Recently, there have been discussions about ending Grove College's century-old tradition of all-female education by admitting male students into our programs. At a recent faculty meeting, a majority of faculty members voted in favor of coeducation, arguing that it would encourage more students to apply to Grove. However, Grove students, both past and present, are against the idea of coeducation. Eighty percent of the students responding to a survey conducted by the student government wanted the school to remain all female, and over half of the alumnae who answered a separate survey also opposed coeducation. Therefore, we recommend maintaining Grove College's tradition of all-female education. We predict that keeping the college all-female will improve morale among students and convince alumnae to keep supporting the college financially.
The argument claims that after surveying about the changes in the college policy in order to admit men in addition to women, most of the students and alums are in opposition to this view. Therefore, continuing present condition of the Grove college is more efficient in all aspects. Stated in this way, the argument fails to mention several key factors on the basis of which a thorough evaluation is possible. The conclusion of the argument relies on assumptions for which there is no clear evidence. Hence, the argument is unconvincing and conveys several flaws.
First, the argument readily assumes that the survey conducted by the student government is plausible, and the results are reliable. This statement is a stretch and is not substantiated in any way. It is possible that the survey conducted by the student government, because of their tendency to maintain the present situation, is biased. There are a lot of examples which show that this assumption is fallacious. It is probable that the student government members do not want to lose their predominance. If men enter the college, they should be part of the student government which is not satisfactory for women. In addition to this, in the argument, it was mentioned that the separate surveys were used in order to evaluate students' and alums' comments about co-educated college. It is not professional, and the results of such a survey are not reliable. A unique survey must be used to have an integral assessment about the consequences. Therefore, the above mentioned survey is not a good mean to judge the students preferences. In addition, the university services, itself, could conduct a unified survey to have reliable results on the basis of which the judgment is possible.
The second flaw that crosses my mind is that the percent mentioned by the argument is not applicable for a convincing judgment. This is again a very weak assumption as the argument does not mention any information regarding the total number of students and the percent who responds to the survey in comparison to the all. To illustrate, imagine a situation that the total number of students in the college is about 3000, and the number of students who attended the survey was 100. In this situation, the total number of students who disagree with the coeducation policy is about 80 which is less than 30 percent of all the students who could participate in the survey. In fact, the argument does not mention morsel of information about the total number of students. If such a data had been shown, then the author would have sounded a bit more convincing. Besides, if the argument provides a correlation between the responded and total number of students, the argument could have been strengthened even further.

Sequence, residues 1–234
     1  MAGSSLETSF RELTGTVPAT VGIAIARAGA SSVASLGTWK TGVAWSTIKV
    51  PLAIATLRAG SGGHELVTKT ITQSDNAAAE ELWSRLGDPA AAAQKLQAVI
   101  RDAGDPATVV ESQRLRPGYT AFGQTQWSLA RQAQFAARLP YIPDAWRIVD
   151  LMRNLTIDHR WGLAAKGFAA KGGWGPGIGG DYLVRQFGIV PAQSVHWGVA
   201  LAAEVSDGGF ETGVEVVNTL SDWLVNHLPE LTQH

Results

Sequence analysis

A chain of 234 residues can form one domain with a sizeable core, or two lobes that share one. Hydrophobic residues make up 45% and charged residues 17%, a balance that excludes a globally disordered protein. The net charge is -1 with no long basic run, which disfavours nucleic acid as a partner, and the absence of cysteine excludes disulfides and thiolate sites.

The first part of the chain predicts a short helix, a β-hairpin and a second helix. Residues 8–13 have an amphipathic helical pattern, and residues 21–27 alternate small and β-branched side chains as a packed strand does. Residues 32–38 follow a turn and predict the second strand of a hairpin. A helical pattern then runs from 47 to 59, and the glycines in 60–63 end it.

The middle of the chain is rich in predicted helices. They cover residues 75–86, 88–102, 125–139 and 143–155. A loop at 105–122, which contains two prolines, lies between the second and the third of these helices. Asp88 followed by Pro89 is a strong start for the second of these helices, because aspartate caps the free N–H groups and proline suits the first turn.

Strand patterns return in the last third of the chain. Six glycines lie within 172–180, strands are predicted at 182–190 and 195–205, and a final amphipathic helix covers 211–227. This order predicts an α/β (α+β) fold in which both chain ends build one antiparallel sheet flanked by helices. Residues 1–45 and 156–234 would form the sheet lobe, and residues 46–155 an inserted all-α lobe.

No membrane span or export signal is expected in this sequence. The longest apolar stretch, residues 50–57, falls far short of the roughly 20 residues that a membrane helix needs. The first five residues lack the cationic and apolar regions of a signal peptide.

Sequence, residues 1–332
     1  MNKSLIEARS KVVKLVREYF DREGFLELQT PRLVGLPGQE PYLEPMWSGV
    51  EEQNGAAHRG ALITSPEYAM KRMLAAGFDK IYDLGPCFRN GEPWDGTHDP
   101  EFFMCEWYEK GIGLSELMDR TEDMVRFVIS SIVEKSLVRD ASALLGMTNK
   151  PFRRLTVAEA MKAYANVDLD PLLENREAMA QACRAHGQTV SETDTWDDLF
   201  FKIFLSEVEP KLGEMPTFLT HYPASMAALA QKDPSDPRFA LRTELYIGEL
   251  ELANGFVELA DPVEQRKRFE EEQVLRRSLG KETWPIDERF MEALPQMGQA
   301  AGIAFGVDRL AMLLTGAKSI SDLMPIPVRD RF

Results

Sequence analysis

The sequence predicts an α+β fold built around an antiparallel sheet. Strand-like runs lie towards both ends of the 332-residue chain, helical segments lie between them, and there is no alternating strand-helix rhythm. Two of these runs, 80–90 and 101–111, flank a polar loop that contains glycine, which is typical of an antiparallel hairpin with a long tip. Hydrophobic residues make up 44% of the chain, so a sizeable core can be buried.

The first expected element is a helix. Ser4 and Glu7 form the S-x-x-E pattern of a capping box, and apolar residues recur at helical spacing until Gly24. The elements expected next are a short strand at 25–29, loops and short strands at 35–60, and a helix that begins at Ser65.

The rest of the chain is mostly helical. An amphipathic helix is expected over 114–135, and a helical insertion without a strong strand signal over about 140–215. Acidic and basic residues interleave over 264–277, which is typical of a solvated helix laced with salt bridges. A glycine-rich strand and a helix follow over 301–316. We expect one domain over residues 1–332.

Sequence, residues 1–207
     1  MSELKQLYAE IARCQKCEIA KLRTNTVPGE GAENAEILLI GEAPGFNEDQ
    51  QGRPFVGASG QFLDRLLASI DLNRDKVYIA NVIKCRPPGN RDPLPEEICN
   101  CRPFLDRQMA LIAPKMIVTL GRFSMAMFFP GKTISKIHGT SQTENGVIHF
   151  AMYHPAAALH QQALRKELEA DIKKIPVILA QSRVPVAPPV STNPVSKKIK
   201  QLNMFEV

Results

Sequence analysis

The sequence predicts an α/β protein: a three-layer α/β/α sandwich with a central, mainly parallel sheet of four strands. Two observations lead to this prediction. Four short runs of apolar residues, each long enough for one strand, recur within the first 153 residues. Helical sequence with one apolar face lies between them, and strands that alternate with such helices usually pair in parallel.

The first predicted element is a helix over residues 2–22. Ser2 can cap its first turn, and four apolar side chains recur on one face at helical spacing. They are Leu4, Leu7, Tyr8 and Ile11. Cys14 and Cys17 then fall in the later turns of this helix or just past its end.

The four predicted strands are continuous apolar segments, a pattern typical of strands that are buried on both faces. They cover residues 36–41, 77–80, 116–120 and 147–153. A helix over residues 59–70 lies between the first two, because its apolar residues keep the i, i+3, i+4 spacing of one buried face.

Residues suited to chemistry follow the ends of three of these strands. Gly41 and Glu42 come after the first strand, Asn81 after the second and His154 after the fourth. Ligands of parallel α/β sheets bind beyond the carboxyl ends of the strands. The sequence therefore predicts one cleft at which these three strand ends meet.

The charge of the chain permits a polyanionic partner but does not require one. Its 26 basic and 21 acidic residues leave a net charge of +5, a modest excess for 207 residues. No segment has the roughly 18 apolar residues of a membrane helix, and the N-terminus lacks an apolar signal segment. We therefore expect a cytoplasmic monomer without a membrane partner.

Last but not least, the argument assumed that the mono education college is a better place in order to enhance students' morality. There are different factors by which community's morals can be improved. A college is a sample of a community which should be framed according to its criteria. It is possible that, in a co-educated college, the presence of different sexes helps students to be more prudent in their behavior. By this, they are restricted to norms which can help them to improve their morality. For instance, in a female college, students are free to talk about everything. But, in co-educated colleges they are not allowed to talk about everything in public. This is a good mean which assists them to be morally well-prepared for their presence in the society. Therefore, it is not definite that morality can be achieved through mono-educated colleges.
To sum up what I have outlined above, the argument is flawed and therefore unconvincing. It could be strengthened if the author mentioned all the relevant facts. In order to assess the merit of a certain decision, it is tenable to consider the entire contributing factor. In this particular case, the administration of the survey, the total number of students, and factors affect morality are three main defects that should be explained better. Without this information, the argument is unsubstantiated and open to debate.